The trans- prefix is usually pronounced /tɹɛns/; this produces mixed pronunciation of the letter A in words like transplant/ˈtɹɛnsplaːnt/. However, /tɹaːns/ is also heard, typically in older New Zealanders.
The name of the letter H is almost always /æɪtʃ/, as in North American, and is almost never aspirated (/hæɪtʃ/).
The name of the letter Z is usually the British, Canadian and Australian zed/zed/. However the alphabet song for children is sometimes sung ending with /ziː/ in accordance with the rhyme. Where Z is universally pronounced zee in places, names, terms, or titles, such as ZZ Top, LZ (landing zone), Jay Z (celebrity), or Z Nation (TV show) New Zealanders follow universal pronunciation.
The word foyer is usually pronounced /ˈfoɪa/, as in Australian and American English, rather than /ˈfoɪæɪ/ as in British English.
The word and combining form graph is pronounced both /ɡɹaːf/ and /ɡɹɛf/.
The word data is commonly pronounced /ˈdaːta/, with /ˈdæɪta/ being the second most common, and /ˈdɛta/ being very rare.
Pronunciation of Māori place names
The pronunciations of many Māori place names were anglicised for most of the nineteenth and twentieth centuries, but since the 1980s increased consciousness of the Māori language has led to a shift towards using a Māori pronunciation. The anglicisations have persisted most among residents of the towns in question, so it has become something of a shibboleth, with correct Māori pronunciation marking someone as non-local.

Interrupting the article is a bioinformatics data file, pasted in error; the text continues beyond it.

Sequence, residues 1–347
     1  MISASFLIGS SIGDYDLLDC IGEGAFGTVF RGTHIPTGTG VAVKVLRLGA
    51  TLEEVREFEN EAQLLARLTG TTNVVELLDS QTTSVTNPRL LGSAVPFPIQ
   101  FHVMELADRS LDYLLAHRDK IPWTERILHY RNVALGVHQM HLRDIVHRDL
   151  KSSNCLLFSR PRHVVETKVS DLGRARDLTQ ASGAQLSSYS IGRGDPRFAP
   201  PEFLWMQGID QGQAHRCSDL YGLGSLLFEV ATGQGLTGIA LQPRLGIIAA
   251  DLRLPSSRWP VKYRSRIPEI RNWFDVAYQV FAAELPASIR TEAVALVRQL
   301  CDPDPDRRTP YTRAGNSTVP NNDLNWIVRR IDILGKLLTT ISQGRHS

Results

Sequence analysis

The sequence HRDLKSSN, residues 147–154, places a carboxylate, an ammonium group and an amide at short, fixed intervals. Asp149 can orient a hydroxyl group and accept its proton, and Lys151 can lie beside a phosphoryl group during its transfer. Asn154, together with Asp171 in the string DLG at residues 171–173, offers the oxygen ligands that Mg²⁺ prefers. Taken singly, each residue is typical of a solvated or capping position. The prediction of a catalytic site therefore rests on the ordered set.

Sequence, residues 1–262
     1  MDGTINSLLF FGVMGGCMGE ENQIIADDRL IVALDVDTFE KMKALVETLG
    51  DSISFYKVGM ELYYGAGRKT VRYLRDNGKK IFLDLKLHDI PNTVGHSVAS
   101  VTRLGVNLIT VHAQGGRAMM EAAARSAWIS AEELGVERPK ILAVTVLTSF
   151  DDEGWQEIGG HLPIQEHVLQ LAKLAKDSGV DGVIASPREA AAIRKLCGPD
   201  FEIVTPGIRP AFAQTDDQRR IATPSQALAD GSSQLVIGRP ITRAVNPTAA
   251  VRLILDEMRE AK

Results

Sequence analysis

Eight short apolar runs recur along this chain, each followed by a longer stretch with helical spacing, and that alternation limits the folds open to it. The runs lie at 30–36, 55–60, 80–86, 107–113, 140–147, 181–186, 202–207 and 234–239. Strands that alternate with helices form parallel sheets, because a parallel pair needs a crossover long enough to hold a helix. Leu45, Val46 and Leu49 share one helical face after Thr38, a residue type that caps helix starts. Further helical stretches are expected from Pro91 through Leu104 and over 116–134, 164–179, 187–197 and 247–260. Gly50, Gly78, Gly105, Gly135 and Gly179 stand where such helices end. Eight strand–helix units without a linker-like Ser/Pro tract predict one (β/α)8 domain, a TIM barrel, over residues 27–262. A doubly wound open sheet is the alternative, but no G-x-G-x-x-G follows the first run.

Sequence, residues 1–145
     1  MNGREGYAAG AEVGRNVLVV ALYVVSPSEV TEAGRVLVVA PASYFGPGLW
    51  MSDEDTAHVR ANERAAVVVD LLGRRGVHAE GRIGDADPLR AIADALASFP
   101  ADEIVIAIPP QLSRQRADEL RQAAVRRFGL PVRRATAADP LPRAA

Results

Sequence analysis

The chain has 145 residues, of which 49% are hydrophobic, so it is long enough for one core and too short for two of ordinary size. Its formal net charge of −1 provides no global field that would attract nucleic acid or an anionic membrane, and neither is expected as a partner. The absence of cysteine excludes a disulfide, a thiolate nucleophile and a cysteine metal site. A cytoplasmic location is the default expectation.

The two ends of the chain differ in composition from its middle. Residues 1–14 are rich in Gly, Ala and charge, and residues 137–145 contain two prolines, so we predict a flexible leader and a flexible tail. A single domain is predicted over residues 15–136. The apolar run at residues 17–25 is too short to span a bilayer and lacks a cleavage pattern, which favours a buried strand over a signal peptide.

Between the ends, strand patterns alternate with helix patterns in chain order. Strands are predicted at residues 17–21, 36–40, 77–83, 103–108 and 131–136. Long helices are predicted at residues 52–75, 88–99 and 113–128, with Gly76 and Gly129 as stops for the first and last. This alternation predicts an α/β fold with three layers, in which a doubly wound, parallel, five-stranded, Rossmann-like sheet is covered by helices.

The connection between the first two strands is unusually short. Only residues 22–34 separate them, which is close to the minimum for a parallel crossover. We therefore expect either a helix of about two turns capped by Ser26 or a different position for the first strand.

Some anglicised names are colloquially shortened, for example, Coke/kaʉk/ for Kohukohu, the Rapa/ˈɹɛpa/ for the Wairarapa, Kura/ˈkʉəɹa/ for Papakura, Papatoe/ˈpɛpətaʉiː/ for Papatoetoe, Otahu/ˌaʉtəˈhʉː/ for Otahuhu, Paraparam/ˈpɛɹəpɛɹɛm/ or Pram/pɹɛm/ for Paraparaumu, the Naki/ˈnɛkiː/ for Taranaki, Cow-cop/ˈkæʊkɒp/ for Kaukapakapa and Pie-cock/ˈpaɪkɒk/ for Paekakariki.
There is some confusion between these shortenings, especially in the southern South Island, and the natural variations of the southern dialect of Māori. Not only does this dialect sometimes feature apocope, but consonants also vary slightly from standard Māori. To compound matters, names were often initially transcribed by Scottish settlers, rather than the predominantly English settlers of other parts of the country; as such further alterations are not uncommon. Thus, while Lake Wakatipu is sometimes referred to as Wakatip/ˈwɒkəˌtəp/, Oamaru as Om-a-roo/ˌɒməˈɹʉː/ and Waiwera South as Wy-vra/ˈwaɪvɹa/, these differences may be as much caused by dialect differences – either in Māori or in the English used during transcription – as by the process of anglicisation. An extreme example is The Kilmog/ˈkəlmɒɡ/, the name of which is cognate with the standard Māori Kirimoko.
^Hogg, R.M., Blake, N.F., Burchfield, R., Lass, R., and Romaine, S., (eds.) (1992) The Cambridge history of the English language. (Volume 5) Cambridge, UK: Cambridge University Press. ISBN9780521264785 p. 387. Retrieved from Google Books.
^Goodall, M., & Griffiths, G. (1980) Maori Dunedin. Dunedin: Otago Heritage Books. p. 45: "This hill [The Kilmog]...has a much debated name, but its origins are clear to Kaitahu and the word illustrates several major features of the southern dialect. First we must restore the truncated final vowel (in this case to both parts of the name, 'kilimogo'). Then substitute r for l, k for g, to obtain the northern pronunciation, 'kirimoko'.... Though final vowels existed in Kaitahu dialect, the elision was so nearly complete that pākehā recorders often omitted them entirely."